EU leader reaches out to China youth
Updated: 2011-10-30 07:48
By Mike Peters (China Daily)
With 23 languages in the EU, Androulla Vassiliou says Europeans know language is key to understanding another culture. Deng Jia / China Environment News
Androulla Vassiliou, the EU commissioner for education, culture and youth, came to Beijing last week to talk up a new series of youth exchanges between Europe and China. After conference with government officials, she hosted a youth camp in the capital for about 200 students, who exchanged information and ideas about climate, aging societies, volunteering and entrepreneurship.
This high-level dialogue will build on the past year's EU-China Year of Youth and ongoing projects in the fields of education, training, culture, multilingualism and youth.
We caught up with the commissioner for a few questions:
You've come to China to launch a new "people-to-people" initiative. What sort of people do you hope to connect?
Education professionals, students, teachers - all levels of the civil society. We have an ongoing EU-China language project, and we want to make more people aware of Erasmus Mundus, our program that offers financial support for institutions and scholarships for individuals. Erasmus funding is available for European joint masters and doctorates (including scholarships), and partnerships with non-European higher education institutions and scholarships for students and academics.
What are the biggest roadblocks for students who want to move between the two systems?
Language, awareness of the opportunity, and mobility of students. We are working on all three. Mobility issues, including visa issues, has been an ongoing discussion with progress on both sides.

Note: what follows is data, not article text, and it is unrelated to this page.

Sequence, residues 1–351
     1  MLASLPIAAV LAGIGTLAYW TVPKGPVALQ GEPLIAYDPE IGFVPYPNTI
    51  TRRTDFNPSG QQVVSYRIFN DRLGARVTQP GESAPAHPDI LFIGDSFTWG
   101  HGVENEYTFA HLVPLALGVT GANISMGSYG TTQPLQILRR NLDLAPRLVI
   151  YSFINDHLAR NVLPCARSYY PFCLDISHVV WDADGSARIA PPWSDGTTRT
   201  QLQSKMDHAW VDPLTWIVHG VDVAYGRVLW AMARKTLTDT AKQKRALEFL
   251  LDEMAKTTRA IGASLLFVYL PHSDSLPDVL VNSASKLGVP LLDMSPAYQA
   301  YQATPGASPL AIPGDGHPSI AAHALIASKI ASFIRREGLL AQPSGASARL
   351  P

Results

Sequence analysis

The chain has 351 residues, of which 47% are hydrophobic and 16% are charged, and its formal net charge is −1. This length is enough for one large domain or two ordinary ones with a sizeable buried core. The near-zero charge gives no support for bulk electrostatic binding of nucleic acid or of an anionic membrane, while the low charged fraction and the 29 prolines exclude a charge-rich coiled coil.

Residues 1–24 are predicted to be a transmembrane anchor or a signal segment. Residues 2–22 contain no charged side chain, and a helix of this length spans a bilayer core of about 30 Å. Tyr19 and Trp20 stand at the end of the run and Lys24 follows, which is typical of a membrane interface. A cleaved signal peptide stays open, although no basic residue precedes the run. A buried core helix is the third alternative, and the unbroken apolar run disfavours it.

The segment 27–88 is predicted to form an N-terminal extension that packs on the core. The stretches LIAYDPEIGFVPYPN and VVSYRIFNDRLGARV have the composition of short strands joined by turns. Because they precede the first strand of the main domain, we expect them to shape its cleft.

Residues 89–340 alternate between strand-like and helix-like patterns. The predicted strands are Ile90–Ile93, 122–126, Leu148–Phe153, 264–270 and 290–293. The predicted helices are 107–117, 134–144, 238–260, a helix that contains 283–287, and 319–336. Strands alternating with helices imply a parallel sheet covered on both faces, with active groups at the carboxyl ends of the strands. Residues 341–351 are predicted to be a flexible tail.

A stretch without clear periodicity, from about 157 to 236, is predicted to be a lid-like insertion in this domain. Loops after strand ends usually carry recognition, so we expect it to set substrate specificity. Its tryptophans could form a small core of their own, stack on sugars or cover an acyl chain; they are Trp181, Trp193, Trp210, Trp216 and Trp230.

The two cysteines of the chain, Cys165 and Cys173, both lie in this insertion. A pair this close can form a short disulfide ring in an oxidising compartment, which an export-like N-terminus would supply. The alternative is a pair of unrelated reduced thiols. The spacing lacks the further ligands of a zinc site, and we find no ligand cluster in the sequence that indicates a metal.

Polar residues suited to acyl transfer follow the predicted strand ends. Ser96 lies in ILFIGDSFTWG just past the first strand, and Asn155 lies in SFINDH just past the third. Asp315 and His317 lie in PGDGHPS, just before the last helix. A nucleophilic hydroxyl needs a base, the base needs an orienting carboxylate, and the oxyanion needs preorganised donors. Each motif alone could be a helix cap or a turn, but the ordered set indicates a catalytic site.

Will these initiatives make it easier for Chinese students to apply directly to European universities, and vice versa, instead of going through their own university?
The real issue is credits. It's essential that students on both sides get their credits recognized back home. So participation of the universities is a key part of the mobility challenge.
How important is language in these programs?
It's huge. We have 23 official languages in the EU, and all of the member states want to expand their relationships with China. So it is important for more Chinese to learn European languages and important for more Europeans to learn Chinese. When we value language, we appreciate culture.
In the EU, everyone now learns the mother tongue and two other languages - as early as possible.
Why do so many EU-China youth programs stress volunteer work?
It's not new for Chinese young people, there is a strong tradition of volunteering here. But it is an important way to engage in the civil society, the global society. So we want to explore the needs of both sides: training, recognition - sometimes there is lack of acknowledgment - and benefits. Volunteering helps people get transferrable skills, builds leadership and self-confidence. It should be an important part of career development.
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(China Daily 10/30/2011 page4)